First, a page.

It goes downhill fast from here… That teabagger in the back looks like he’s gonna stroke out or have a coronary, so better give him some attention. He of course drives a big ol’ $40,000 new pickup that gets 10 MPG, cruising 30,000 miles a year between his exurban minimansion, the social security office, hospital, bank , and his fishin’ hole. it’s been mighty patriotic of him to contribute $2500 every 10 years in sales taxes because he’s wearin’ the damn things out so quick, and the $1500 a year he’s contributing in gas taxes helps mightily too, as well as the $3000 or so he’s paying to register it ’til it rolls into  the junkyard. That all adds up to a bit over $20,000 or 7 cents or so a mile. Problem is, he’s overloaded his big ol’ pickup to 4 tons at least, so it’s wearin’ and tearin’ up the roads to the tune of 20 cents a mile. Teabagger’s not takin’ this well, just a minute while we find the AED and call 911…

So much for the toy trucks, how’s ’bout the real big rigs? So let’s say one of my neighboring family farms has had a good year, so they invest $200,000 in a new tractor-trailer rig. That produces a 12% $24,000 federal excise tax contribution to the Fed’s Highway trust fund, and another $13,000 or so sales tax contribution to the state’s. On top of that they’re paying over $2000 a year in Federal Highway Use Tax and state registration, even with the discount the state gives them for farm use. And at 6 MPG, they’d be a big contributor via the fuel taxes, ‘cept they have 100 or so tillable acres in their section and the elevator’s only 10 miles away. So over the new rig’s life, it’ll contribute $37,000 in taxes before it rolls off the lot, and another $40,000 in registration fees over 20 years. But even with 200 bushel an acre corn, that thousand bushel trailer will only make 20 round trips to the elevator a year, and even with the odd trips to pickup inputs and shuttle tractors on the lowboy, they’ll be lucky to cover 6000 miles a year, burn 1000 gallons of diesel, and pay $600 in fuel taxes. Over 20 years their pride and joy of a rig will cover 120,000 miles and contribute around $90,000 to the maintenance of the main roads. And running empty on the way back from the elevator, it’ll weigh on average 30 tons and wear the roads to the tune of $1.50 a mile, or $180,000 over it’s lifetime, and contribute barely half that.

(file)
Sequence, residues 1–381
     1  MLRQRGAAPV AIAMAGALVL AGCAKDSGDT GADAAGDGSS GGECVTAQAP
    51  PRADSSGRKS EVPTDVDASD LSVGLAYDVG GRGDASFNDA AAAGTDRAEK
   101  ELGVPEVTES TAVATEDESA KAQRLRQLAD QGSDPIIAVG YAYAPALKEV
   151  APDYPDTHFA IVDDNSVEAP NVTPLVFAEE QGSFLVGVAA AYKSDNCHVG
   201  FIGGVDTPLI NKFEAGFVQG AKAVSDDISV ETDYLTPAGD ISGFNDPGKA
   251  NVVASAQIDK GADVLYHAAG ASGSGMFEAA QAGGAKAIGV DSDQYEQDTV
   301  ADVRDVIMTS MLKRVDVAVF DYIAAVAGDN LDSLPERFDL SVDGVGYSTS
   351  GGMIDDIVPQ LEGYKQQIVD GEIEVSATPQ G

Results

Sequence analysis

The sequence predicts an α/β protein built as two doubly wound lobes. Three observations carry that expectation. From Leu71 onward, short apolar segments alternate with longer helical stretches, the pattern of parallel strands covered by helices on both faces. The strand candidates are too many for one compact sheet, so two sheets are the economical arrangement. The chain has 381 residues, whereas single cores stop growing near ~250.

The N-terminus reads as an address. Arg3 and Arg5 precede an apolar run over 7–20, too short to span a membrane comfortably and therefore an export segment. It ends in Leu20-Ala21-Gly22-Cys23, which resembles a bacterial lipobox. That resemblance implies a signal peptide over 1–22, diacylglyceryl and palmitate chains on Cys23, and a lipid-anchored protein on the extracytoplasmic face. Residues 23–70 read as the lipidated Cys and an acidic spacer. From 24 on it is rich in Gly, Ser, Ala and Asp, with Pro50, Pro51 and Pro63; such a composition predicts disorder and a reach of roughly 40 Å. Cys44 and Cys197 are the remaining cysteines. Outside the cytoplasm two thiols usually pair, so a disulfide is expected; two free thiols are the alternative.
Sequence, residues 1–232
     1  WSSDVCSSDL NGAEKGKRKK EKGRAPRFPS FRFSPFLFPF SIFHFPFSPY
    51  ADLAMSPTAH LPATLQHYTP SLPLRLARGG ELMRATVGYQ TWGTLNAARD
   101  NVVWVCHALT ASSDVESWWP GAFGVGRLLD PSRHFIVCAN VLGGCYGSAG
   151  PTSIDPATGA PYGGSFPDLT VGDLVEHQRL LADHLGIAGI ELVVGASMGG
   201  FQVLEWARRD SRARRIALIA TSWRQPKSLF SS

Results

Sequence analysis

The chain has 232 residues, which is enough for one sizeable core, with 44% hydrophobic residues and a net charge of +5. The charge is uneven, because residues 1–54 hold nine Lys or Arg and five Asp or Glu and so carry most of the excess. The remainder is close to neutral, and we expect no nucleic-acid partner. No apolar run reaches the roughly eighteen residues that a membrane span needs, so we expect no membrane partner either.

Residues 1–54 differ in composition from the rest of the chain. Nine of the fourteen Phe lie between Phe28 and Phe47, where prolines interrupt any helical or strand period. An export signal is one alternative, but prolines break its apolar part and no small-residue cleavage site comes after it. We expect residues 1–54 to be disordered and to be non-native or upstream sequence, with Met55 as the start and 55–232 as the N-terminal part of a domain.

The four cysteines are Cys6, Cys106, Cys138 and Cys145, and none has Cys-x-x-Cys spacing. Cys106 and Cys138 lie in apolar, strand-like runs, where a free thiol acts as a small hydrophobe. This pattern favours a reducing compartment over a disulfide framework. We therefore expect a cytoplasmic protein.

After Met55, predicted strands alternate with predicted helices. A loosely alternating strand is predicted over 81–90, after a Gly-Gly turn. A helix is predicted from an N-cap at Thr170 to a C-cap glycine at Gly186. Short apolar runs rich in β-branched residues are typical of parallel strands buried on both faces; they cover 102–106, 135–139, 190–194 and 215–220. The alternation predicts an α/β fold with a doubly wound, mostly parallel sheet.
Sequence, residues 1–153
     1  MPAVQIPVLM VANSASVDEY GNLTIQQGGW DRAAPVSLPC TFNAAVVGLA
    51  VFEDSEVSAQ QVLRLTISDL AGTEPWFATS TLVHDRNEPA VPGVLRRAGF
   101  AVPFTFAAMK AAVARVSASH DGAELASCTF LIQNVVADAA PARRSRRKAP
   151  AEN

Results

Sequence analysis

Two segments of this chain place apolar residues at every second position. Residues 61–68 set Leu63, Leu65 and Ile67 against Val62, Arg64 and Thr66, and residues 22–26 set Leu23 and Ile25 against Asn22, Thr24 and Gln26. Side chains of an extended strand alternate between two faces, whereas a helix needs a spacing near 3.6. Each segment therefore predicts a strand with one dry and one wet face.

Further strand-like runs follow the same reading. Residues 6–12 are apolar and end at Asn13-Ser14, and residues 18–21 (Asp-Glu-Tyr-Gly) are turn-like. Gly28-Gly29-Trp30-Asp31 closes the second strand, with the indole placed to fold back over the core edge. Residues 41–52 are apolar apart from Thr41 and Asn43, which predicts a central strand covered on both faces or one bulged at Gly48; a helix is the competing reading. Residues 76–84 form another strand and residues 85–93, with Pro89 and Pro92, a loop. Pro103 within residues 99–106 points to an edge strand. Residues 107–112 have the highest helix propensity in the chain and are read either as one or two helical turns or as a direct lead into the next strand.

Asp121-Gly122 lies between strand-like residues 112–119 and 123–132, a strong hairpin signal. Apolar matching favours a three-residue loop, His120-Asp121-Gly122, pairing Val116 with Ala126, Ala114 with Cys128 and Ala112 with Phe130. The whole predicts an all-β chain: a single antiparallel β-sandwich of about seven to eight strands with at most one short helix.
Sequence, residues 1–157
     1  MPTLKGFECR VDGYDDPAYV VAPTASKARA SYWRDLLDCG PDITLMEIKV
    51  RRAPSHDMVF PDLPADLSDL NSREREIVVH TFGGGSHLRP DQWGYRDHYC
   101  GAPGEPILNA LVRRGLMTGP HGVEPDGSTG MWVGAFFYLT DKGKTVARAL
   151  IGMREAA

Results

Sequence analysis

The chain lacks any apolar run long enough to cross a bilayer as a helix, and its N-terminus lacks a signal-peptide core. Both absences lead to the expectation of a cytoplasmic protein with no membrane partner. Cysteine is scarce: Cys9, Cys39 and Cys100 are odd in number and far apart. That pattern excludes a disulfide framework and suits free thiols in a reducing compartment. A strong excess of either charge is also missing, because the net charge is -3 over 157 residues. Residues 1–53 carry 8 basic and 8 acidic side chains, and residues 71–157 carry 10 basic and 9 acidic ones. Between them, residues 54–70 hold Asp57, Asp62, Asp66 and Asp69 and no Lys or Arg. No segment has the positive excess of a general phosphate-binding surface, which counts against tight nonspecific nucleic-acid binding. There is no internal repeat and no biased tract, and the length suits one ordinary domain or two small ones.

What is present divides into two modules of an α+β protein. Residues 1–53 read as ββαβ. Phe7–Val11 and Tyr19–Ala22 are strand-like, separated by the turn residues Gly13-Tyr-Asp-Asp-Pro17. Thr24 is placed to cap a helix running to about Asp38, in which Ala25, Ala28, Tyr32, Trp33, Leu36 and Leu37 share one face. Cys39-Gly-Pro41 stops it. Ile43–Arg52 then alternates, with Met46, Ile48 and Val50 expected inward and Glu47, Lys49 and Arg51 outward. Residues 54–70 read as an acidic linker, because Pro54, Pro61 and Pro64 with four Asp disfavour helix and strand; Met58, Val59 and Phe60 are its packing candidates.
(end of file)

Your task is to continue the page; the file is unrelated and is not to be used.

But compared to the trucking company that serves the packinghouse up the street from the elevator, our family farmers are model citizens. The big trucking company has hundreds of trucks, and they get big discounts and buys them in another state with no sales tax, so they contribute maybe $18,000 when they get a deeply discounted new truck for $150,000. They pay about the same $2000 annual registration as our family farmers, but they put two drivers in the rig and it never rests, covering 200,000 miles a year. In five years it’s pretty much worn out, having contributed $28,000 to the highway trust funds and $100,000 in fuel taxes, paying a mere 13 cents a mile for the wear and tear it’s caused. But it’s always loaded to the 40 ton legal limit as well as moving, causing $2 per mile in wear and tear in the roads. Over 5 years this always loaded and rollin’ tax scofflaw has cost us all the better part of a million dollars in subsidy to cover the huge gap between it’s measly tax payments and the wear and tear it wreaks upon the roads.

Meanwhile, the railroads are pretty much payin’ for their own tracks and way, and if the airlines manage to avoid bankruptcy for a while they’ll do likewise. The barges on our big rivers pretty much get a free ride, but the costs aren’t that huge and the Corps does some useful stuff like flood control and conservation with their sliver of the federal budget too. But big trucks runnin’ day and night… They’re living off the taxpayers, and making them pay their fair share would shift vast amounts of freight to greener modes like rail, saving precious fuel and reducing global warming.

And those walkers, bicyclists, and motorcyclists? Look out for them, they’re payin’ more than their share!